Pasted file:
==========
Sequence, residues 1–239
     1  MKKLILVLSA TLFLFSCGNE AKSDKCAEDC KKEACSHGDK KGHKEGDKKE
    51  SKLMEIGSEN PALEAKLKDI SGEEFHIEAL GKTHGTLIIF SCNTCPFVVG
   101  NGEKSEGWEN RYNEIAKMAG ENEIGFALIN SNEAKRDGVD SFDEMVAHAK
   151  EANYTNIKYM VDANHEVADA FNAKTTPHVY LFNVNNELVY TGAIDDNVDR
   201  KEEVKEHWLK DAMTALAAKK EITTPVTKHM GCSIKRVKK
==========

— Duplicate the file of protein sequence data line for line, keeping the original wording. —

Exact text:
Sequence, residues 1–239
     1  MKKLILVLSA TLFLFSCGNE AKSDKCAEDC KKEACSHGDK KGHKEGDKKE
    51  SKLMEIGSEN PALEAKLKDI SGEEFHIEAL GKTHGTLIIF SCNTCPFVVG
   101  NGEKSEGWEN RYNEIAKMAG ENEIGFALIN SNEAKRDGVD SFDEMVAHAK
   151  EANYTNIKYM VDANHEVADA FNAKTTPHVY LFNVNNELVY TGAIDDNVDR
   201  KEEVKEHWLK DAMTALAAKK EITTPVTKHM GCSIKRVKK